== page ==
We’re expanding operations and welcoming brighter days.
This year, Aug. 26 will mark the 96th birthday of Katherine Johnson. It's a name that not many people know, but without her work, the world would be a very different place. Johnson's work for NASA would help make Alan Shepard the first American to visit space and inspire countless people to follow their passions, despite the obstacles in their way.
From the beginning of her life, Johnson had a love of learning, especially mathematics. She grew up with a habit of counting everything she could, performing mental calculations all day, according to a NASA profile. Johnson's early intelligence and curiosity fortunately didn't escape the notice of her father.
When Johnson was growing up, in the 1920s and '30s, education was only available for African-Americans at her local school until the eighth grade, the Langley Research Center stated. As Johnson told the space agency, her father taught her that she should never view herself as lesser despite society's prejudices. Johnson's father took the family to Institute, West Virginia, 120 miles from their home, where his daughters could continue their education through college. It must have been a difficult decision, as he had to return to White Sulfur Springs to work, but the tough choice would eventually benefit the world.
Johnson's intelligence and dedication set her apart from a young age. Langley reported that she entered high school at age 10, graduated by 14 and received her college degree at 18. After graduating, Johnson worked for a time as a teacher, later leaving the job to marry before teaching yet again when her husband became too sick to work. However, Johnson said that she always had the idea to become a research mathematician, a passion that was supported by her professors in college, according to the National Visionary Leadership Project.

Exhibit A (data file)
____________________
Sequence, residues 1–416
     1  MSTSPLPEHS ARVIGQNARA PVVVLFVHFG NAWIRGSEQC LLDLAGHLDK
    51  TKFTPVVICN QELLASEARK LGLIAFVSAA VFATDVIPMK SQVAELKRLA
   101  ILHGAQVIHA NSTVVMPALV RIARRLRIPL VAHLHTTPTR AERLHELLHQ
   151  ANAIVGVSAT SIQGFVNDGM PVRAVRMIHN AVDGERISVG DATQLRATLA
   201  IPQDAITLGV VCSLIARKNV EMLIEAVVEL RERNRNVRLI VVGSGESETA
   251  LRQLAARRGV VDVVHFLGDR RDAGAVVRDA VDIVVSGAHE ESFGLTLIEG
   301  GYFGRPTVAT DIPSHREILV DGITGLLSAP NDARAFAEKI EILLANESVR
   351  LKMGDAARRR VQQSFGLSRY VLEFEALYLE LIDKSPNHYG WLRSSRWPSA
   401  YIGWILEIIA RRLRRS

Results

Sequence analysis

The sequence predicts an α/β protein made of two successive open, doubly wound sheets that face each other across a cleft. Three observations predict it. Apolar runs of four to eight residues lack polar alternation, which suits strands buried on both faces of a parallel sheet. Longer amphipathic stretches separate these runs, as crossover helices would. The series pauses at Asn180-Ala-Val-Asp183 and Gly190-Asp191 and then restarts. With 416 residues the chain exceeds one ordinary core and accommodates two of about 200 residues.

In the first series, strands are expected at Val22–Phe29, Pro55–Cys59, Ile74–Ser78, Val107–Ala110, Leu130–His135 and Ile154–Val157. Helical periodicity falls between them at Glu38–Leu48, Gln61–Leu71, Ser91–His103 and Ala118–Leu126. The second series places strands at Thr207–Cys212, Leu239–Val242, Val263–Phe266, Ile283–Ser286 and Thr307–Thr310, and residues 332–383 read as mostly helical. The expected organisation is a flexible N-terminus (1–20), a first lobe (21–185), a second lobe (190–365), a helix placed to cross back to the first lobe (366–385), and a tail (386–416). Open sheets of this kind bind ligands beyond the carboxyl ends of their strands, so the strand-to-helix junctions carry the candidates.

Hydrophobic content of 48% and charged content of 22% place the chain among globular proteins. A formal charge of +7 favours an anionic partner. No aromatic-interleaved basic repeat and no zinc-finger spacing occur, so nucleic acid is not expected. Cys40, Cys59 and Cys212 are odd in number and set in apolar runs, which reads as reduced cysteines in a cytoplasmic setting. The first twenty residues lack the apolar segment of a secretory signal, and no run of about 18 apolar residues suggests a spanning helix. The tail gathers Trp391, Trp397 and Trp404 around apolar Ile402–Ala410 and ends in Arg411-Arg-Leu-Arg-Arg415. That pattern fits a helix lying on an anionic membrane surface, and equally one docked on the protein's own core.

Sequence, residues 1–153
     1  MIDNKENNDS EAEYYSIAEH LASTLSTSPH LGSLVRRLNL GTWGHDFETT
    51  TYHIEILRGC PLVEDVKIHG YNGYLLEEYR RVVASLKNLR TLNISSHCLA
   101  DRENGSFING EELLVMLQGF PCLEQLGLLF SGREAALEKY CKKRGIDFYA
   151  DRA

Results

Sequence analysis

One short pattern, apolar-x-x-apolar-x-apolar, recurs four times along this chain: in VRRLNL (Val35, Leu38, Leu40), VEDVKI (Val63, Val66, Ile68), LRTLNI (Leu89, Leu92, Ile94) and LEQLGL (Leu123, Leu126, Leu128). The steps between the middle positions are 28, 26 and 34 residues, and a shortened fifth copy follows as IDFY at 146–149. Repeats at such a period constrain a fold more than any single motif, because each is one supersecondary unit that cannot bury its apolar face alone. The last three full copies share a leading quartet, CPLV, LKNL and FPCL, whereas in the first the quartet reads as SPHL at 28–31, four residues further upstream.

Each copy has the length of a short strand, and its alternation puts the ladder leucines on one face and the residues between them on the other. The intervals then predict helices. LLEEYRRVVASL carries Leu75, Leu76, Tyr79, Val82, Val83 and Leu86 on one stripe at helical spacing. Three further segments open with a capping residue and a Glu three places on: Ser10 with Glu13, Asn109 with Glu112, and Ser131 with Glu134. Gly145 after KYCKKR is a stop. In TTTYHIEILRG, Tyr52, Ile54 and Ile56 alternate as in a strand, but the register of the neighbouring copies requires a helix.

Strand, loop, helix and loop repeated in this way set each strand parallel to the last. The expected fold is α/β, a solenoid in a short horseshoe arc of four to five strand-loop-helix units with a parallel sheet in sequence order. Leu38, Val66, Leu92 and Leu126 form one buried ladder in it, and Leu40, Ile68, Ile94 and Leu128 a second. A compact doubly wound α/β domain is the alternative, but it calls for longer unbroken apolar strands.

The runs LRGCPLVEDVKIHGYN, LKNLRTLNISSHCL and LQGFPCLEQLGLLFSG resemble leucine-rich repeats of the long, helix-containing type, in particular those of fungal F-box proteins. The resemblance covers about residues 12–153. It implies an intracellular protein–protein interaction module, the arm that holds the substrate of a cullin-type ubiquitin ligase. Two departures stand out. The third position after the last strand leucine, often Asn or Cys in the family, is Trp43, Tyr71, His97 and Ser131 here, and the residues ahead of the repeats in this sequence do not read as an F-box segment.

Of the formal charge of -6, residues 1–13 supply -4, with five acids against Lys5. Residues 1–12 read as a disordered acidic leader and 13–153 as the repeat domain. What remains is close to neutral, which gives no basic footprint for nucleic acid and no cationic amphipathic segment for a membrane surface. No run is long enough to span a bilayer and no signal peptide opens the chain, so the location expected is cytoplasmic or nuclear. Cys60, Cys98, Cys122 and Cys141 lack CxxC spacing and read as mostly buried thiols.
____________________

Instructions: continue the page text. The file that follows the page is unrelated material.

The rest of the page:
A shot at her dream
In 1953, she got her chance to enter a more strenuous mathematical field when she got a job at the National Advisory Committee for Aeronautics, according to The History Makers. Johnson performed calculations that were needed by the organization's engineers to develop and test aircraft. She and the others working this job were known as computers. NACA hired women to perform these tasks, but according to the source, Johnson was the only woman on her particular flight team. Computers were generally not closely integrated into the work of NACA - most never even knew what their calculations were used for, Johnson told NASA. She was different. Johnson wanted to know more about the process, and that tendency helped her catch the attention of the organization's higher-ups.
Her place in history
When NACA changed its mission in 1958, becoming the National Aeronautics and Space Administration, Johnson was one of the founders of the team that worked to send humans to space, according to the organization. Nothing of the sort had ever been attempted, and Johnson's team had to rework the concepts that they had used at NACA to operate in space. Her work paid off - in 1961, she helped send Alan Shepard into space and brought him home safely.
Soon after, NASA switched to using mechanical computers - the kind used today - to calculate flight trajectories, due to the growing complexity of the task. Johnson, however, was not forgotten. After running calculations on a computer, the flight team often asked Johnson to double-check the numbers, since they trusted her even more than their machines.
Inspiring the future
In 1986, at age 68, Johnson retired from NASA. She continues to hold a place of importance in the scientific community, giving lectures and speaking on panels. Johnson's work after NASA has led her to speak to students at graduation ceremonies and other events, stressing the importance of scientific literacy.